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Associations between Partnering and Parenting Transitions and Dietary Habits in Young Adults

Citation

Smith, KJ and McNaughton, SA and Gall, SL and Otahal, P and Dwyer, T and Venn, AJ, Associations between Partnering and Parenting Transitions and Dietary Habits in Young Adults, Journal of the Academy of Nutrition and Dietetics pp. 1-12. ISSN 2212-2680 (2017) [Refereed Article]

Copyright Statement

Copyright 2017 by the Academy of Nutrition and Dietetics

DOI: doi:10.1016/j.jand.2016.12.008

Abstract

BACKGROUND: Partnering and parenting are important life-stage transitions that often occur during young adulthood. Little is known about how these transitions affect two dietary behaviors linked to increased cardiometabolic disease risk: skipping breakfast and takeaway-food consumption.

OBJECTIVE: Our aim was to examine whether partnering and parenting transitions during a 5-year period were associated with change in diet quality, skipping breakfast, and takeaway-food consumption.

DESIGN: We conducted a cohort study. Questionnaires were completed at baseline (2004 to 2006) and follow-up (2009 to 2011). Marital status and number of children were self-reported.

PARTICIPANTS/SETTING: Australian participants (n=1,402 [39% men]) aged 26 to 36 years were included.

MAIN OUTCOMES MEASURES: Diet quality was assessed using a Dietary Guideline Index. Breakfast skipping (not eating before 9 am the previous day) and frequent takeaway-food consumption (≥2 times/week) were reported.

STATISTICAL ANALYSIS: Linear regression (mean differences in Dietary Guideline Index) and log binomial regression (relative risks for skipping breakfast and frequent takeaway-food consumption) were adjusted for age, education, follow-up duration, day of the week (skipping breakfast only), the other transition, and baseline behavior.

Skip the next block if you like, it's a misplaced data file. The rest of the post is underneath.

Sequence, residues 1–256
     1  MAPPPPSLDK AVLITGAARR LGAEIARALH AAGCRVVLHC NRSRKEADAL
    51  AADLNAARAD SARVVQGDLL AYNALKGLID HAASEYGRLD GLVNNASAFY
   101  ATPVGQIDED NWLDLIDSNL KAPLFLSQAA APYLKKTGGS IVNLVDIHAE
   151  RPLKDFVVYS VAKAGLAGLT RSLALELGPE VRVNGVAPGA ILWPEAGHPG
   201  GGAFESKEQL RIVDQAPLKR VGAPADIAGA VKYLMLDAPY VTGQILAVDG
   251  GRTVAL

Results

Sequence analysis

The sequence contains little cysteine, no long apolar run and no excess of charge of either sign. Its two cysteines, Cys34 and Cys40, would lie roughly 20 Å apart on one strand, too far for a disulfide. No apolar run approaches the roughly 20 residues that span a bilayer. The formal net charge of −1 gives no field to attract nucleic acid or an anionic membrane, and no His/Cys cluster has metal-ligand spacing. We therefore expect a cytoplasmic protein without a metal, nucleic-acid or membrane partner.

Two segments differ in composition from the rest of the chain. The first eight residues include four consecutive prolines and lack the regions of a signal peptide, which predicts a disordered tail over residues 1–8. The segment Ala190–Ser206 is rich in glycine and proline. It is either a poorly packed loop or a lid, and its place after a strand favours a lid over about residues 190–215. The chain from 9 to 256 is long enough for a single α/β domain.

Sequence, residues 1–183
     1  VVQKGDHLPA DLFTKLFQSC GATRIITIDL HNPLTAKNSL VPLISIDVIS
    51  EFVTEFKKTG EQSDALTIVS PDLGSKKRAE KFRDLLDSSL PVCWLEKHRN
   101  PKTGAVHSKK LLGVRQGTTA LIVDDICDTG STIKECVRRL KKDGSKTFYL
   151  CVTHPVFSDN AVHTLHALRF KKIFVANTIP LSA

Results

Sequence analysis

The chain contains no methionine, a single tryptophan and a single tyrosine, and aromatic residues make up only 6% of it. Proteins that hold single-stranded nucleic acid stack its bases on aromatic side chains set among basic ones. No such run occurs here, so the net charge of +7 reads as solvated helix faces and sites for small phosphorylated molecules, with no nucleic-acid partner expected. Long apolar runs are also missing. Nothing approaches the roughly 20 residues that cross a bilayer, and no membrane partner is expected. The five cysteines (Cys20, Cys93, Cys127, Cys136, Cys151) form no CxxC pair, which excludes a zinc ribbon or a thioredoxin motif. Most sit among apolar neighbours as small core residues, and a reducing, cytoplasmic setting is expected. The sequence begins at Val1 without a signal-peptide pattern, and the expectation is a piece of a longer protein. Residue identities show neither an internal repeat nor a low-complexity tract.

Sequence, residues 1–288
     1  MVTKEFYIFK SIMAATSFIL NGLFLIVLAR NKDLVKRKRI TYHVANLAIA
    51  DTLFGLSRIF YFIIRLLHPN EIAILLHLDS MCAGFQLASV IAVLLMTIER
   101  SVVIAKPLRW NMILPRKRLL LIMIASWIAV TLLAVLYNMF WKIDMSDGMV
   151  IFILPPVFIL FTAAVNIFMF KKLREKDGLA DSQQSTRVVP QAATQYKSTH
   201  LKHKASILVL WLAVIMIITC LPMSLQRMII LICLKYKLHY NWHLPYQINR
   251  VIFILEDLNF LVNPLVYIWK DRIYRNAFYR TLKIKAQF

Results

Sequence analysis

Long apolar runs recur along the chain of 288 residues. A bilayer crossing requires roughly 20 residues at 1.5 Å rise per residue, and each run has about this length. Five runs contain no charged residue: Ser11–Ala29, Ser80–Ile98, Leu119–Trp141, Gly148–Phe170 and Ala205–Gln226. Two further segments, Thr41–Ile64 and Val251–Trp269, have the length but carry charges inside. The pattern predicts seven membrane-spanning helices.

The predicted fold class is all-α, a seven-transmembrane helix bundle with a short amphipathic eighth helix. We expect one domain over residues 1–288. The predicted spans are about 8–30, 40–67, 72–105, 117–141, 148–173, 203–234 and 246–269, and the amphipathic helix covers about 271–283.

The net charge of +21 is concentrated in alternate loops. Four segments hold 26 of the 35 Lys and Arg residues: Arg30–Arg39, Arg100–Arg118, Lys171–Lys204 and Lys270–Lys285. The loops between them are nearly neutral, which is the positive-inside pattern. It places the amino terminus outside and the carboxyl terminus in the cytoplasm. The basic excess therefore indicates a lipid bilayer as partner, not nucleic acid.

RESULTS: During the 5-year follow-up, 101 men and 93 women became married/living as married, and 149 men and 155 women had their first child. Diet quality improved among all groups and was similar at follow-up between those who experienced the transitions and those who did not. Compared to having no children, having a first child was associated with a lower risk of skipping breakfast for men (relative risk 0.65; 95% CI 0.42 to 1.01) and women (relative risk 0.47; 95% CI 0.31 to 0.72). Men who became partnered also had a lower risk of skipping breakfast than those who remained single (relative risk 0.64; 95% CI 0.42 to 0.98). The transitions were not significantly associated with takeaway-food consumption.

CONCLUSIONS: Life-stage transitions were not associated with better diet quality. Participants who became partnered or parents were more likely to eat breakfast at follow-up than those who remained single or had no children.

Item Details

Item Type:Refereed Article
Keywords:diet quality, takeaway food, Skipping breakfast, marriage, parent
Research Division:Medical and Health Sciences
Research Group:Public Health and Health Services
Research Field:Epidemiology
Objective Division:Health
Objective Group:Public Health (excl. Specific Population Health)
Objective Field:Nutrition
Author:Smith, KJ (Dr Kylie Smith)
Author:Gall, SL (Dr Seana Gall)
Author:Otahal, P (Mr Petr Otahal)
Author:Venn, AJ (Professor Alison Venn)
ID Code:114185
Year Published:2017
Deposited By:Menzies Institute for Medical Research
Deposited On:2017-02-08
Last Modified:2017-04-03
Downloads:0

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